Since 1990, between 9,000 and 30,000 cases of Lyme disease have been reported annually to federal health officials. Although the true number of cases is unknown, nearly 30 000 confirmed cases were reported to the Centers for Disease Control and Prevention (CDC) in 2008 and 2009, that was the peak number of cases reported but not nearly the total number of likely cases. In a scientific study surveying large medical laboratories in the United States it was found that 3.4 million tests were conducted for Lyme disease in 2008; and it was estimate that 288,000 Lyme disease infections occurred among that patient population.
Though Lyme disease is not a new disease it is spreading. Scientists Drs. Richard Ostfield and Felicia Keesing have been studying Lyme disease for more than 20 years. They have found that understanding the life cycle of the ticks that transmit Lyme disease bacteria can help in understanding the risk of getting the disease and strategies to avoid it. There is no vaccine to protect you so you have to prevent exposure. Drs. Ostfield and Keesing have come up with an early warning system for the disease. They can predict how many cases there will be a year in advance by looking at one key measurement: the size of the mouse population the year before. The explanation for why this works is simple: Mice are highly efficient transmitters of Lyme. According to the scientists mice infect up to 95 % of ticks that feed on them and are responsible for infecting the majority of ticks carrying Lyme in the Northeast. A single mouse can have up to 100 ticks covering its ears and face.
The complete life cycle of Ixodes ticks takes 2 years. Tick eggs are laid in the spring, and hatch as larvae in the summer. Larvae feed on mice, birds, and other small animals in the summer and early fall. The larvae may become infected with Lyme disease bacteria when feeding on these animals. Once a tick becomes infected, it stays infected for the rest of its life and can transmit the bacteria to other hosts. After this initial feeding, the larvae usually become inactive until the following spring, when they change into nymphs.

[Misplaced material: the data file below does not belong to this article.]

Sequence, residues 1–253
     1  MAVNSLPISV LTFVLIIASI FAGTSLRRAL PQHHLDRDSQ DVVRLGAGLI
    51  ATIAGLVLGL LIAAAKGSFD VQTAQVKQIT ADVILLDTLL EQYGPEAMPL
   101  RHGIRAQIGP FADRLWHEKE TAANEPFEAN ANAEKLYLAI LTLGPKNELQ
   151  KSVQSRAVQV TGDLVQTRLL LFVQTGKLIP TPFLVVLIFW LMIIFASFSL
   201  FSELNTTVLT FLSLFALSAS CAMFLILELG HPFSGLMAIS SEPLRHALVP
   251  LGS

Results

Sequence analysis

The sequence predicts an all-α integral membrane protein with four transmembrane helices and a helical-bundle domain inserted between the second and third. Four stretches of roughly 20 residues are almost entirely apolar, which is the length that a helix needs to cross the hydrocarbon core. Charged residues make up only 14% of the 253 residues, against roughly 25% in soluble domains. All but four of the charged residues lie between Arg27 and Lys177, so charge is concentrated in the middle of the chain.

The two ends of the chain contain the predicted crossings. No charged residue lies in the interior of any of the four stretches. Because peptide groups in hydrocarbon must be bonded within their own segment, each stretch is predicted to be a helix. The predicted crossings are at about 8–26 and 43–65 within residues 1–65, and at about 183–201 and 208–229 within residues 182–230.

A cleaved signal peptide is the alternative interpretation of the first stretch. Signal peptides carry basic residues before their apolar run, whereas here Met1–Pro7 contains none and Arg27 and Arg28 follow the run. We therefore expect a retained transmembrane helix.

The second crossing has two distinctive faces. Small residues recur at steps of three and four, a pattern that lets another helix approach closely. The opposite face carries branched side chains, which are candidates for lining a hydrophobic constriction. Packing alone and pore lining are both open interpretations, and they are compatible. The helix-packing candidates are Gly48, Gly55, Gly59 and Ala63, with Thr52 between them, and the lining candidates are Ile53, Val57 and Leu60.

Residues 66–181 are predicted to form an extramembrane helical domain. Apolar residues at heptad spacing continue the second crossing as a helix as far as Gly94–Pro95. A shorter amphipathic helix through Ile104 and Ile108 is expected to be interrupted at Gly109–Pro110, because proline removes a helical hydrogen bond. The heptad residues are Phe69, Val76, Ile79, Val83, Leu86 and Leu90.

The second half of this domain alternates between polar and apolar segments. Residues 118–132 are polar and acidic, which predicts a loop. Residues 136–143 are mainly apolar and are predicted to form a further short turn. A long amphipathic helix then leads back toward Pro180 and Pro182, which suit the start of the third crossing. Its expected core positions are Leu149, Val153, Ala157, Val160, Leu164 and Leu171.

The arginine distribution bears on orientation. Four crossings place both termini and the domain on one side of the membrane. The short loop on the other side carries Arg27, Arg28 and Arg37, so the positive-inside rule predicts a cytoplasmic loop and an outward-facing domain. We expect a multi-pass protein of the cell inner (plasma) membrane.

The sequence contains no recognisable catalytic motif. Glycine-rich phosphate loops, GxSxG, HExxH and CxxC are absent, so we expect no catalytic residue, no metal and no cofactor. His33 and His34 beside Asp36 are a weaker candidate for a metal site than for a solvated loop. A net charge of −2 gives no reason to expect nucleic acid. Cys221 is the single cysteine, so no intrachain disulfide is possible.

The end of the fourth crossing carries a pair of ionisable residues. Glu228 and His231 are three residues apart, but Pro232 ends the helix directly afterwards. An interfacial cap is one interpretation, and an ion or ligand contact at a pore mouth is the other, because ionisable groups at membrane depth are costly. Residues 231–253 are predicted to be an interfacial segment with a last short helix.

Nymphs seek blood meals in order to fuel their growth into adults. Nymphs feed on small rodents and other small mammals in late spring and early summer. Nymphs will also feed on humans, and if previously infected with Lyme disease bacteria, they can transmit the disease to humans. Nymphs molt into adult ticks in the fall. In the fall and early spring, adult ticks feed and mate on large animals, such as deer. Adult female ticks will sometimes also feed on humans. In spring, adult female ticks lay their eggs on the ground, completing the 2-year life cycle. The CDC reports that most people are infected through the bites of the nymphs which feed during the spring and summer months. The tiny nymphs are almost impossible to find on your body. Adult ticks can also transmit Lyme disease bacteria, but they are much larger and more likely to be discovered and removed before they have had time to transmit the bacteria.
The risk of exposure to ticks is greatest in the woods and in the edge area between lawns and woods; however, ticks can also be carried by animals onto lawns and gardens and into houses by pets. Now is the time to seal up all likely mouse entry points to keep mice out of the house. A mouse can fit through the narrowest gap, seemingly flattening themselves to crawl into the house. According to the Center for Disease Control a gap of a quarter of an inch or a hole the size of a pencil eraser is large enough for a mouse to enter. A systematic approach is best for sealing all entry points. First of all, there is no way to prevent mice from getting into the garage because garage doors just do not seal that tight in their tracks. Instead, it is necessary to keep all nesting material and clutter out of the garage and seal all entries to the house. Protect yourself from potential exposure to the nymph ticks in your home and garden.